KLAMATH FALLS, Ore. — Ways that potato fields can be managed to benefit waterfowl were featured during a “Behind the Scenes: Potato Fields to Wetlands” field trip held as part of the annual Winter Wings Festival in the Klamath Basin last month.

The festival, which began more than 30 years ago as the Bald Eagle Festival, is primarily aimed at birdwatchers and annually draws thousands of visitors. Field trips, classroom sessions and workshops about bald eagles and other birds are based at Oregon Institute of Technology in Klamath Falls.

The first-ever “Potato Fields to Wetlands” field trip was sponsored by Walkers Brothers Farm-Gold Dust Inc. to show how about 3,500 acres of former cattle pasture lands near Klamath Falls is being used to grow conventional and organic potatoes and to benefit birds.

During the tour, participants visited the Walkers Brothers-Gold Dust fields and neighboring farm fields filled with thousands and thousands of birds, mostly squawky-talky tundra swans. Rows and rows of swans extended in the distance, some appearing as white dots on the southern reaches of Upper Klamath Lake.

This winter, prodigious numbers of tundra swans have been seen on barley fields farmed by Donnie Heaton and nearby potato fields owned by Walker Brothers-Gold Dust Farms.

Participants toured dikes on the former Running Y Ranch just west of Klamath Falls. In recent years, 3,500 acres of contiguous lands have been owned by Malin-based Walker Brothers Farms.

During the tour, Lexi Crawford, an office manager for Walker Brothers, discussed efforts to manage the fields to benefit waterfowl. Through an agreement with the U.S. Fish and Wildlife Service, for example, a third of the barley fields, which are annually rotated, is left for birds.

“We feel as farmers the birds were here first and we have to work to benefit them,” Crawford said.

Most of the Running Y Ranch acreage is used to grow potatoes, including about 20 percent for organic spuds. Fields used to grow potatoes are rotated with barley or red wheat.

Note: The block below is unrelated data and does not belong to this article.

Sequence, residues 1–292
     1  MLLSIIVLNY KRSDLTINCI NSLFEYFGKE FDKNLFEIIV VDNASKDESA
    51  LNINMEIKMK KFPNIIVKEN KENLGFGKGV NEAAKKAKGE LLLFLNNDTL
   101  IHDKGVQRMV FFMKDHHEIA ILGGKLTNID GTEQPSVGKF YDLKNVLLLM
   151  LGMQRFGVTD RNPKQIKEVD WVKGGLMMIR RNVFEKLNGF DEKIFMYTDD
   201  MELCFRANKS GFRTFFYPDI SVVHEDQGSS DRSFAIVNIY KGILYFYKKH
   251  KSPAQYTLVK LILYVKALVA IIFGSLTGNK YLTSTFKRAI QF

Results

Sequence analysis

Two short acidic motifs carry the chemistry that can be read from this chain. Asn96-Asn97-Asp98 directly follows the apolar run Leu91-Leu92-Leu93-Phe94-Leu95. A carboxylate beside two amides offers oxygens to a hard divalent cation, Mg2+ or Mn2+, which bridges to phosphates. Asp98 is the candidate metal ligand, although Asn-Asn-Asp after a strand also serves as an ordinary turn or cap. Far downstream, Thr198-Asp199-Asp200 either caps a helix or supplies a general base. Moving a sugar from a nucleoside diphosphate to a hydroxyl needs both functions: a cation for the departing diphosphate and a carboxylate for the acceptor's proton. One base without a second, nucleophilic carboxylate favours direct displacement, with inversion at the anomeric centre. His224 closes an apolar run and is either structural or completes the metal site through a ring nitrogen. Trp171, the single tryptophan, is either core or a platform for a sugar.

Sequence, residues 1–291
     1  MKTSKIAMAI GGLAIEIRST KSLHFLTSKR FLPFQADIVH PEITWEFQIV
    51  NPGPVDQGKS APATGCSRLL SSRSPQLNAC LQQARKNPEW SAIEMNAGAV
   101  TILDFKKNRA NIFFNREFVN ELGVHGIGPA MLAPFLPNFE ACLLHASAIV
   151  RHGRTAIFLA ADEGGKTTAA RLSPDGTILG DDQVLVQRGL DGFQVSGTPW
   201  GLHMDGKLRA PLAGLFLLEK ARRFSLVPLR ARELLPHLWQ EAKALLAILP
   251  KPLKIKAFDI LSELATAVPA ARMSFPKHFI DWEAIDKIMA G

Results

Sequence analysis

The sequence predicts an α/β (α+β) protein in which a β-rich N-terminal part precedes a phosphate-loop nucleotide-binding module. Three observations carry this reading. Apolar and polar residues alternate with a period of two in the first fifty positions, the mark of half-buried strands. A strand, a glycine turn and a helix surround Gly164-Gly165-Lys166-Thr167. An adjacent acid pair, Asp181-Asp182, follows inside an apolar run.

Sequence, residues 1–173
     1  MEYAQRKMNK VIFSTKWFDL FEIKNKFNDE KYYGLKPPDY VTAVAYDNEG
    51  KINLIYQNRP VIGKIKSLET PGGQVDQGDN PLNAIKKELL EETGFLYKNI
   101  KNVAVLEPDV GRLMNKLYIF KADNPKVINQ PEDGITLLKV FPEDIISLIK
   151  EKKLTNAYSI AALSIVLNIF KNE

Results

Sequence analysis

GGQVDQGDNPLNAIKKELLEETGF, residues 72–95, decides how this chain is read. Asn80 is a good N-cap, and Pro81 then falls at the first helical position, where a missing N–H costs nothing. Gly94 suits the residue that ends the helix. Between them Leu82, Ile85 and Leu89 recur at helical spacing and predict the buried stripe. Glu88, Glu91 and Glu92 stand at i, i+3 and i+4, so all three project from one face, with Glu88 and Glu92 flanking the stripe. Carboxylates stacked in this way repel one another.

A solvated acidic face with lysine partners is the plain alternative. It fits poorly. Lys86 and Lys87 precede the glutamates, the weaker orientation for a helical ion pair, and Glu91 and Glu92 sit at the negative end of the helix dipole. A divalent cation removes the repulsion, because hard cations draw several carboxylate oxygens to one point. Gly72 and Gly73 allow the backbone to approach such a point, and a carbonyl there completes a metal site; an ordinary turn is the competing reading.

Two sections of the Running Y property are leased to other growers for garlic and onions.

Klamath Basin-wide, the Walker Brothers-Gold Dust operation has about 10,000 acres straddling Oregon and California. Except for the Running Y property, which is contiguous, most of the other acreage is broken into smaller holdings. Of those total acres, Crawford said about 2,000 are dedicated to organic potatoes. Both conventionally and organically grown potatoes are used for potato chips and french fried potatoes. In 2015, the business produced about 1.3 million hundredweight.

Along with reserving some Running Y fields for waterfowl and other birds, Crawford said using water from nearby Upper Klamath Lake for flood irrigation “definitely benefits the birds.”

According to the company’s website, Gold Dust-Walker Brothers have been planting organic crops to get a foothold in the organic market and increase the production of the ground.

“Hay crops are known to add nitrogen to soil, which makes them perfect for following a potato crop in a field,” according to the website. “When that same crop is raised organically, with organic fertilizers, not only do you get the benefit of what the hay crop does for the ground, the soil also gets a boost in organic material that conventional fertilizers simply cannot add.”

Lexi Crawford said the Running Y fields are especially productive because of the rich soils and said the fields have lured large numbers of waterfowl and other birds. While the Walker Brothers have been “generous sponsors” of the annual Winter Wings Festival for several years, she said this year was the first time a field trip was offered to show and explain how the Running Y operation benefits birds.

“It’s something we hope to continue next year and in coming years,” Crawford said.

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